If I had it to begin all over, and in beginning again, found myself as the cultural and parental rear-er of my own upbringing, the fairy-tale I would instill upon my young, impressionable hopes and dreams would be much more diverse a story than I actually got. There would be no royalty, no fate, no timeline, no gender bias or sexual preference expected, no numerical limitations, no "the one," and in some of the stories, no romantic love at all. I think much of modern, and even past centuries depression and anxiety come from this grand expectation we place upon our most freshly minted lives to rise and accomplish as a task of self-success and familial pride the events of marriage and children. Often these successes aren't even presented as a challenge, just simply the next in a series of life's steps, like losing baby teeth and growing your permanents; so that the failure to succeed at these simple steps to life's ultimate door, are seen as a rejection of the very fabric of society we are all collectively tethered to. As if by failing to meet these expectations, we are letting go of the large blanket of comfort that keeps our world safe and warm. We erase the narrative stories of others throughout history who do not sate the requirements of this story we've been telling for so many ages that its tradition has replaced reality with a story we mistake for an innate morality. You do not grow up commonly reading of the writers, philosophers, artists, teachers, scientist, preachers, doctors, and leaders who never wed, who fell in love with someone of the same sex, who chose not to create off-spring, who took up residence with platonic friends... these are not America's heroes. These are not the stories we champion into Children's Literature and Disney Animation. And in the few instances where these stories have made their way into print, their lifestyles are heralded as an example of overcoming hardship, rather than legitimate existences of their own merit. Every hero who dared go against the grain, by choice or by bravely honoring their true self, must first defy the normative expectation placed upon them without their permission from birth, and know that from then on each action and word will be judged against their otherness as if they are some strange minority. In fact, however, the more I dig through history on my own, without the stern hand of public education leading my curious pursuits, the more I discover that that which we call so rare, is in fact most common. So common as to nearly be considered boring, if it had not been hushed under the rug of shame and hidden from sight for so many centuries. It's plain as day to say some never marry, that a grand, romantic, and healthy love is neither a given nor something everyone craves. To every human who has fearfully uttered to a friend, "What if it never happens for me?" And whose friend replied, "It will! Of course it will." I must say, this promise is not written in some star whose gaseous output carries every human's fate as some romantic love plot--And that's OK. The lack of this is no more an indication of some profound error of your person-hood as it is a prediction that what has been will always be. What has been can cease to be, can change on a dime--and some never have love that fulfills both sexual and personal requirements for romantic love. And some fake love with all their heart to meet this expectation and find more hurts than gains, even as their pain is praised for its normative additions to our flawed moral cause. Additionally, it's clear that homosexual love dates back as far as heterosexual love, that transgender identities join them from the start, that platonic friendships can be as sustaining and worthwhile a partnership as romantic love, that there are all different kinds of ways to move through life and that one is not more worthy than the next. In short, young self, as you grow and ponder what you crave and how to fulfill your human needs that knock at night upon your lids, erase from your ears every utterance of expectation and judgmental moral platitudes that tradition tries to throw at you. You are perfectly capable of finding for your own self the ways that calm your heart, the people, person, place, or thing that makes your heart sing, the tickling of your private sensations is your own to hone and to be felt and dealt freely (barring injuring to yourself or others and always with consent of yourself and others). As Karamo Brown stated recently about not using the term "coming out" but instead saying he "invited them in" to know his true self... understand that you may be aware of certain truths about yourself that you cannot yet invite others in to know, but that does not make them less true. Do not hide them from yourself. Your house does not cease to exist based on the false beliefs and words of others, your house stands still, and holds your contents, and you alone hold the key to invite whomever you may choose to enter. Make your own way and keep your compass set within your self--outside winds will be strong and try to sway you with hurtful lies that you must learn to tune out. I recommend headphones, daily journaling, an auto-didactic approach to knowledge and truth, an open, humble mind, daily affirmations, and lastly, that you write the stories history has swept under the rug for all to see. And if you do raise children, your own grown or others born of other mothers, that you respect their own search to find their compass and that you provide them a more widely defined version of success to aspire to, to identify with, to daydream about; one that includes examples of every variation of human that you can come up with--one that shows that true happiness is defined within, not by achieving some outwardly put-upon perspective.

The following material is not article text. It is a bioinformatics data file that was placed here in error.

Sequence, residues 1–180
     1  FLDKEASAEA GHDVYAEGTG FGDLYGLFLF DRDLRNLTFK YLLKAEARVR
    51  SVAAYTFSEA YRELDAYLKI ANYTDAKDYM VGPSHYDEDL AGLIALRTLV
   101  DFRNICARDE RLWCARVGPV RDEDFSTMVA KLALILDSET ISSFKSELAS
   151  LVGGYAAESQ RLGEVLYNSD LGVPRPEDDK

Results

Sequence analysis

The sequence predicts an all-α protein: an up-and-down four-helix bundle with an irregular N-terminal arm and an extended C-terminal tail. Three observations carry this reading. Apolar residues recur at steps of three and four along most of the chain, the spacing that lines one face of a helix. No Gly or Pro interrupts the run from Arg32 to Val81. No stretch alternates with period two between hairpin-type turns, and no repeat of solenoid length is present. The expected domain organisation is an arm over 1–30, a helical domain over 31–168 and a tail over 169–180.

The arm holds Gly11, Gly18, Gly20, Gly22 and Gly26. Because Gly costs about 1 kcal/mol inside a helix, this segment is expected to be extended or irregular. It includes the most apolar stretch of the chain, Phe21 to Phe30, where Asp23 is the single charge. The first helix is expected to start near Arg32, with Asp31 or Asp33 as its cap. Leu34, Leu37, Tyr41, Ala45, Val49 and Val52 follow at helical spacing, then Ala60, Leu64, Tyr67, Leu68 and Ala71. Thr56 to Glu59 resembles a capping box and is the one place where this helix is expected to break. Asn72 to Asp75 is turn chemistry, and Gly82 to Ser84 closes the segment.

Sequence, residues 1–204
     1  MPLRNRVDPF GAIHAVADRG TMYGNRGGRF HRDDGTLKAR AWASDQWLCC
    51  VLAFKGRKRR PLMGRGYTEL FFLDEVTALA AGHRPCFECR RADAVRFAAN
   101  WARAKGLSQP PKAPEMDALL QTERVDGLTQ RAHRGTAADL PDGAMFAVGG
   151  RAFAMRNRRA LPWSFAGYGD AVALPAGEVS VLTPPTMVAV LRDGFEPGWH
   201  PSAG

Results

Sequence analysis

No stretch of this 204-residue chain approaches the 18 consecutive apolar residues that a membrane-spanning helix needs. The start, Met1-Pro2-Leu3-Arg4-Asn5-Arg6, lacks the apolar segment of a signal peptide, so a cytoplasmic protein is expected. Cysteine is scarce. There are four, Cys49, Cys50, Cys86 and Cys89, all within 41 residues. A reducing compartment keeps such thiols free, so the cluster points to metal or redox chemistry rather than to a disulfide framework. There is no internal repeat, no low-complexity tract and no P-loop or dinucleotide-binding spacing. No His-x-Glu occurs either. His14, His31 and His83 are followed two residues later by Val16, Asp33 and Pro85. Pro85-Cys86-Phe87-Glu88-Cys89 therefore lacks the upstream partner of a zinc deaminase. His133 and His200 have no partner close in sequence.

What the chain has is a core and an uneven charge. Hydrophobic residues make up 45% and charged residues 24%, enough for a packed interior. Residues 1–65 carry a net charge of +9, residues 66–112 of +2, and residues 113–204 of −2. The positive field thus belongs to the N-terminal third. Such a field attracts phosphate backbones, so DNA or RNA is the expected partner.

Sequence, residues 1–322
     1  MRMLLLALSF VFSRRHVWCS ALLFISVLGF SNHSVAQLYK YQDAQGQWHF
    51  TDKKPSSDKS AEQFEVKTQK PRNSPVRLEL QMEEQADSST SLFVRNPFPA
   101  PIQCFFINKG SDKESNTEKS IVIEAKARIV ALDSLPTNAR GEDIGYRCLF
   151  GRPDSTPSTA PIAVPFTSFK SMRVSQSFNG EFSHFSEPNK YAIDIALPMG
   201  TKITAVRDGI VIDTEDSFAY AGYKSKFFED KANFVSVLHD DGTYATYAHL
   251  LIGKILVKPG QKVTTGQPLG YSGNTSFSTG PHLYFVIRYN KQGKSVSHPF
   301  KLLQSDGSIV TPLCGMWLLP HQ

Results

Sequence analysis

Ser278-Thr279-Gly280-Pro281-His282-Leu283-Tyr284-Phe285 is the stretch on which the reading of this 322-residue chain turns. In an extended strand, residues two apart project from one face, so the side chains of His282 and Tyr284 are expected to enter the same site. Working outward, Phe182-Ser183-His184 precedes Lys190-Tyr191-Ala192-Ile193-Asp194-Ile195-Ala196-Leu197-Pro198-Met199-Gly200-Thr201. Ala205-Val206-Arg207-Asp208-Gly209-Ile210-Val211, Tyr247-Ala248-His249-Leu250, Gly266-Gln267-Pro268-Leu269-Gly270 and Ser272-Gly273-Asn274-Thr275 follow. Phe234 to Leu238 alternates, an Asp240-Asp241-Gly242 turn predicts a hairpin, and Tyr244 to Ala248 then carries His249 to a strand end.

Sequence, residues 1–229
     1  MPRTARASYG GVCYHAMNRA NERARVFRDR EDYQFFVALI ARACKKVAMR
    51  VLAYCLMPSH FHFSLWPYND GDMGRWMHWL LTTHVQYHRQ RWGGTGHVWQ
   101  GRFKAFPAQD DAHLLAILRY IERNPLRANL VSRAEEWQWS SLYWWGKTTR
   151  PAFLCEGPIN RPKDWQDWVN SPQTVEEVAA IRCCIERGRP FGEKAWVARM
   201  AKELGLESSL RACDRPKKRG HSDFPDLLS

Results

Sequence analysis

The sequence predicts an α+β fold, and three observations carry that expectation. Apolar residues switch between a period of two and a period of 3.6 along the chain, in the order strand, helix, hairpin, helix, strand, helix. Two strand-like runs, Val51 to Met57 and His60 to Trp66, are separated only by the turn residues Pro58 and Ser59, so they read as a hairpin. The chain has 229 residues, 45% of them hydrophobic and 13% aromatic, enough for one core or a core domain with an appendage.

Hey! I'm Andie Bottrell, a multidisciplinary creative living in Springfield, MO. I share stories (autobiographical and fictional), poems, and other creative or personal musings here.